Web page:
Abdominal pain emergencies: how US rescuers intervene
Abdominal pain is the second most common emergency call that EMS providers respond to. Because the abdomen includes a wide range of organs and vessels belonging to the digestive, urinary, and muscular systems, it can be challenging to diagnose the cause of an abdominal pain, especially in a pre-hospital setting
For this reason, EMTs and paramedics require a solid understanding of abdominal pain and its causes.
Your ability to gather a thorough history and perform a detailed medical assessment is critical for effectively treating any abdominal pain emergency.
About the Abdomen
The abdomen (commonly called the stomach or belly) is the large body cavity between the thorax (chest) and the pelvis.
It is surrounded by abdominal muscles in the front and to the sides, and by the vertebral column at the back.
The lower ribs also enclose the ventral and lateral walls.
The abdominal cavity contains most of the digestive system and is where most of our food absorption and digestion occurs.
The digestive system includes the stomach, small intestine, and the colon with its attached appendix.
Other digestive organs, known as the accessory digestive organs, include the liver, gallbladder, and the pancreas.
Our abdominal cavities also protect our spleen and parts of our urinary system including our kidneys, adrenal glands, and many blood vessels, including the aorta and inferior vena cava.
The urinary bladder, uterus, fallopian tubes, and ovaries are also considered abdominal organs.
Finally, the abdomen contains an extensive membrane called the peritoneum.
What is Abdominal Pain?
Abdominal pain is pain felt anywhere between the chest and groin.
Almost everyone experiences some pain in their abdomens at some point in their lives.
Most of the time, it’s not serious.
Furthermore, the severity of abdominal pain does not always reflect the seriousness of the condition.
For example, gas or stomach cramps due to gastroenteritis can be extremely painful.
Meanwhile, fatal conditions, such as colon cancer or early appendicitis, may only cause mild pain.
Types of Abdominal Pain
Generalized abdominal pain: This is pain felt in more than half of the abdomen area. This pain is more typical for a stomach virus, indigestion, or gas. If the pain becomes more severe, it may be a blockage of the intestines.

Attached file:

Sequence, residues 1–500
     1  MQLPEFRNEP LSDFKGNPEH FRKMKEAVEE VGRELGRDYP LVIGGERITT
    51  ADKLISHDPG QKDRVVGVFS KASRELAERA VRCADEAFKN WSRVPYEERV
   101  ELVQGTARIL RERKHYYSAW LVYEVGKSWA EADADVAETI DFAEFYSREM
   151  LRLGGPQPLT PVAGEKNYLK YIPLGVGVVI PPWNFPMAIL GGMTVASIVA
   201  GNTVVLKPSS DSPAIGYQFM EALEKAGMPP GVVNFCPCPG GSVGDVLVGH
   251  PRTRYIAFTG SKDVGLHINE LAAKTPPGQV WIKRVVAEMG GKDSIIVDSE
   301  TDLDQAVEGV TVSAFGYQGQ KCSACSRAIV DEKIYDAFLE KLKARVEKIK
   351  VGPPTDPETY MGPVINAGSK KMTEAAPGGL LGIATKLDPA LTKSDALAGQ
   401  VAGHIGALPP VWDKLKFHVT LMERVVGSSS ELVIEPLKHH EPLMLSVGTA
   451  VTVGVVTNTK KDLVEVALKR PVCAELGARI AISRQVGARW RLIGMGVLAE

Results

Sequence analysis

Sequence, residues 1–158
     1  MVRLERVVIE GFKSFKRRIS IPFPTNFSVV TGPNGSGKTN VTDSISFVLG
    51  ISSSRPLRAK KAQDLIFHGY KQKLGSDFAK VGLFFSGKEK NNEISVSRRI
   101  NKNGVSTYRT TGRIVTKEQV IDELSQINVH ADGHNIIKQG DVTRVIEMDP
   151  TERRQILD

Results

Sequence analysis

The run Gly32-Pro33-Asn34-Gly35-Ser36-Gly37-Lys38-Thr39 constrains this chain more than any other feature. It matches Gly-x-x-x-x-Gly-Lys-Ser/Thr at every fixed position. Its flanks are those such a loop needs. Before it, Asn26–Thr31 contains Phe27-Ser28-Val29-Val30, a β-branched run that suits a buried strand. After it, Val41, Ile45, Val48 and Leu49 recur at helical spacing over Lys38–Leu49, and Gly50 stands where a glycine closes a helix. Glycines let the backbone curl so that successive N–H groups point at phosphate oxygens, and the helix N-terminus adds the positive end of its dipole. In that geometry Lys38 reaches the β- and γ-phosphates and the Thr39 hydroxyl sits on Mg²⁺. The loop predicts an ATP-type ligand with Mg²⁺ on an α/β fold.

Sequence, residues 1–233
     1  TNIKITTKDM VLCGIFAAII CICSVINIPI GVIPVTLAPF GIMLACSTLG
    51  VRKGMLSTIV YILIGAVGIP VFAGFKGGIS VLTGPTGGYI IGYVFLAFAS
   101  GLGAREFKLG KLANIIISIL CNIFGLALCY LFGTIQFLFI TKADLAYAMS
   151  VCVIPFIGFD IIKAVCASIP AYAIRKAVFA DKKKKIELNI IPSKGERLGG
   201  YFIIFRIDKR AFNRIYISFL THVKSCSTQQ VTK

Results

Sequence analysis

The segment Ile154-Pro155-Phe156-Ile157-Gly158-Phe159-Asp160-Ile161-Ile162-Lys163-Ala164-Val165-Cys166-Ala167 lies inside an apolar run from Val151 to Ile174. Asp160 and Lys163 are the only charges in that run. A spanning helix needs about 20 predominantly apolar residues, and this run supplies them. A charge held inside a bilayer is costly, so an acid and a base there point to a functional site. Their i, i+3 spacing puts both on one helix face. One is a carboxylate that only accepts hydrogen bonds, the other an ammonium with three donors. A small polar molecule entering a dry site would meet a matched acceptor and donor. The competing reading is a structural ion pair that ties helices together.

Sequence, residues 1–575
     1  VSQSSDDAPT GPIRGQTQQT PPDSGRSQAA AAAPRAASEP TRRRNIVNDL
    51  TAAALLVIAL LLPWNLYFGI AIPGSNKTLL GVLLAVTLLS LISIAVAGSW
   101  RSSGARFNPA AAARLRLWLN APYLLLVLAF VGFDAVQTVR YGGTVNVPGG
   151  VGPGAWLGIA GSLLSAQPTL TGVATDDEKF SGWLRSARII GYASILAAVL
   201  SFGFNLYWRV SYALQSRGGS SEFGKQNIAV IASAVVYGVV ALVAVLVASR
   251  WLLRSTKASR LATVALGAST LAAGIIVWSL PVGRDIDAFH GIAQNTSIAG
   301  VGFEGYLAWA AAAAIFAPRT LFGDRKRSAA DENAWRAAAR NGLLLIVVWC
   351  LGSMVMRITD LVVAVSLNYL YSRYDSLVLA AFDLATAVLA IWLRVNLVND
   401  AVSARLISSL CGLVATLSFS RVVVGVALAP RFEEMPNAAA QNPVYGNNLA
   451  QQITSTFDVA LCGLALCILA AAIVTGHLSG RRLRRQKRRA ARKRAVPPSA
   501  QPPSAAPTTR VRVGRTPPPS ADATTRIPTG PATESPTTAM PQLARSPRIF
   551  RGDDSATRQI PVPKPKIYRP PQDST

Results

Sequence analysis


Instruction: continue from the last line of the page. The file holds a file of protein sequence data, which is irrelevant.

Localized abdominal pain: This is when pain is felt in only one area of the abdomen. Localized abdominal pain is more likely to be a sign of a problem in an organ, such as the appendix, gallbladder, or stomach.
Cramp-like abdominal pain: This type of pain is not serious most of the time. It is likely due to gas and bloating, and is often followed by diarrhea. More worrisome signs include pain that occurs more frequently, lasts more than 24 hours, or occurs with a fever.
Colicky pain: This type of pain comes in waves. It usually starts and ends suddenly, and is often severe. Kidney stones and gallstones are common causes of this type of abdomen pain.
Abdominal Pain Symptoms
Abdominal pain can be associated with a variety of symptoms, including nausea, vomiting, fever, diarrhea, dark stools (melana), and urinary symptoms.
To effectively diagnose these symptoms, medical first responders will typically require a clear understanding of their patients’ medical histories, as well as their previous experiences of stomach pain or injury.
They must also consider the location of the abdominal pain, its onset (sudden or gradual), intensity, quality (dull, sharp, or cramping), progression, and character (intermittent or constant).
You should also check if there are any factors that could lessen or worsen the pain, based on previous episodes of similar pain.
Finally, current medications and social history can be extremely helpful when responding to an abdominal pain emergency.
When to Call Emergency Number for Abdominal Pain
If you or someone you know is experiencing abdominal pain, you should seek immediate medical help if the pain is accompanied by other worrisome signs and symptoms, including:
- Bloody stools
- Difficulty breathing
- Persistent nausea and vomiting
- Severe tenderness when you touch your abdomen
- Skin that appears yellow
- Swelling of the abdomen